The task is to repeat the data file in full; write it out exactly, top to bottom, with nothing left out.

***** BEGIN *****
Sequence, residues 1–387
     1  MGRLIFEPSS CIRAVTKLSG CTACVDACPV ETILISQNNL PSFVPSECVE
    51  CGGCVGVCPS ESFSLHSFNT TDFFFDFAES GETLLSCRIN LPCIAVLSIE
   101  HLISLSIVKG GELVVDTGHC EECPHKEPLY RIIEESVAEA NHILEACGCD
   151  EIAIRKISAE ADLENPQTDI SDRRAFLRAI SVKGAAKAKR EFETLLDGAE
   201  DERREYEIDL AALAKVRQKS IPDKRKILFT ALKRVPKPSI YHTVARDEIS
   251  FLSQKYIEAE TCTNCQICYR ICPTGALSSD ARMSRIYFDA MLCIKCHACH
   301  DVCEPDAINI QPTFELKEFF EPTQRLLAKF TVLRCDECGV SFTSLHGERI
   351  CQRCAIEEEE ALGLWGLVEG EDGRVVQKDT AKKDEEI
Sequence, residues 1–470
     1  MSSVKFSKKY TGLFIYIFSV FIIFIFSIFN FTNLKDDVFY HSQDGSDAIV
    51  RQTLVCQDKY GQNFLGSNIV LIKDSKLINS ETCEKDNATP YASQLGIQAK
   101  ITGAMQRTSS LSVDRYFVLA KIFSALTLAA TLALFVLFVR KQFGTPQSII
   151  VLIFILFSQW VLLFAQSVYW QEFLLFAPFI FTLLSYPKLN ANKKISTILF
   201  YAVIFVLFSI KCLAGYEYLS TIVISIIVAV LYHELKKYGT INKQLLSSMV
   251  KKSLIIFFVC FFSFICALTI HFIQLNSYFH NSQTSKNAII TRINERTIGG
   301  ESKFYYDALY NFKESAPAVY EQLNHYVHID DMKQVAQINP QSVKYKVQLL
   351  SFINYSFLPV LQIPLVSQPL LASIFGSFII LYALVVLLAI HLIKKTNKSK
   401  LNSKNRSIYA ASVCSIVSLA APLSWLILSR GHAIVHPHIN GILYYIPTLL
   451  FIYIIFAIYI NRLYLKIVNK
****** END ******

Sequence, residues 1–387
     1  MGRLIFEPSS CIRAVTKLSG CTACVDACPV ETILISQNNL PSFVPSECVE
    51  CGGCVGVCPS ESFSLHSFNT TDFFFDFAES GETLLSCRIN LPCIAVLSIE
   101  HLISLSIVKG GELVVDTGHC EECPHKEPLY RIIEESVAEA NHILEACGCD
   151  EIAIRKISAE ADLENPQTDI SDRRAFLRAI SVKGAAKAKR EFETLLDGAE
   201  DERREYEIDL AALAKVRQKS IPDKRKILFT ALKRVPKPSI YHTVARDEIS
   251  FLSQKYIEAE TCTNCQICYR ICPTGALSSD ARMSRIYFDA MLCIKCHACH
   301  DVCEPDAINI QPTFELKEFF EPTQRLLAKF TVLRCDECGV SFTSLHGERI
   351  CQRCAIEEEE ALGLWGLVEG EDGRVVQKDT AKKDEEI
Sequence, residues 1–470
     1  MSSVKFSKKY TGLFIYIFSV FIIFIFSIFN FTNLKDDVFY HSQDGSDAIV
    51  RQTLVCQDKY GQNFLGSNIV LIKDSKLINS ETCEKDNATP YASQLGIQAK
   101  ITGAMQRTSS LSVDRYFVLA KIFSALTLAA TLALFVLFVR KQFGTPQSII
   151  VLIFILFSQW VLLFAQSVYW QEFLLFAPFI FTLLSYPKLN ANKKISTILF
   201  YAVIFVLFSI KCLAGYEYLS TIVISIIVAV LYHELKKYGT INKQLLSSMV
   251  KKSLIIFFVC FFSFICALTI HFIQLNSYFH NSQTSKNAII TRINERTIGG
   301  ESKFYYDALY NFKESAPAVY EQLNHYVHID DMKQVAQINP QSVKYKVQLL
   351  SFINYSFLPV LQIPLVSQPL LASIFGSFII LYALVVLLAI HLIKKTNKSK
   401  LNSKNRSIYA ASVCSIVSLA APLSWLILSR GHAIVHPHIN GILYYIPTLL
   451  FIYIIFAIYI NRLYLKIVNK